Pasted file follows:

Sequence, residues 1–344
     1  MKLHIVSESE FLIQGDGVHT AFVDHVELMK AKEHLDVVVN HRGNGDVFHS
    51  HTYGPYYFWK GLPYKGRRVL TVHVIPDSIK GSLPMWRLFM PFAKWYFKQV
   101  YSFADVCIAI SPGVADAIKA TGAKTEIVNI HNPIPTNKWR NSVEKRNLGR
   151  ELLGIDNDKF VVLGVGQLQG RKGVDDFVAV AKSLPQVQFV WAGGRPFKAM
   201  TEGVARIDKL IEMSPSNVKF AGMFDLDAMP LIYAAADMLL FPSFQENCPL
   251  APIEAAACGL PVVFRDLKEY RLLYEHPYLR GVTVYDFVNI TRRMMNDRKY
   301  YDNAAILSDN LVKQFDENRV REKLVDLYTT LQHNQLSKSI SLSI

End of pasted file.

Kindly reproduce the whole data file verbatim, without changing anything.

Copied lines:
Sequence, residues 1–344
     1  MKLHIVSESE FLIQGDGVHT AFVDHVELMK AKEHLDVVVN HRGNGDVFHS
    51  HTYGPYYFWK GLPYKGRRVL TVHVIPDSIK GSLPMWRLFM PFAKWYFKQV
   101  YSFADVCIAI SPGVADAIKA TGAKTEIVNI HNPIPTNKWR NSVEKRNLGR
   151  ELLGIDNDKF VVLGVGQLQG RKGVDDFVAV AKSLPQVQFV WAGGRPFKAM
   201  TEGVARIDKL IEMSPSNVKF AGMFDLDAMP LIYAAADMLL FPSFQENCPL
   251  APIEAAACGL PVVFRDLKEY RLLYEHPYLR GVTVYDFVNI TRRMMNDRKY
   301  YDNAAILSDN LVKQFDENRV REKLVDLYTT LQHNQLSKSI SLSI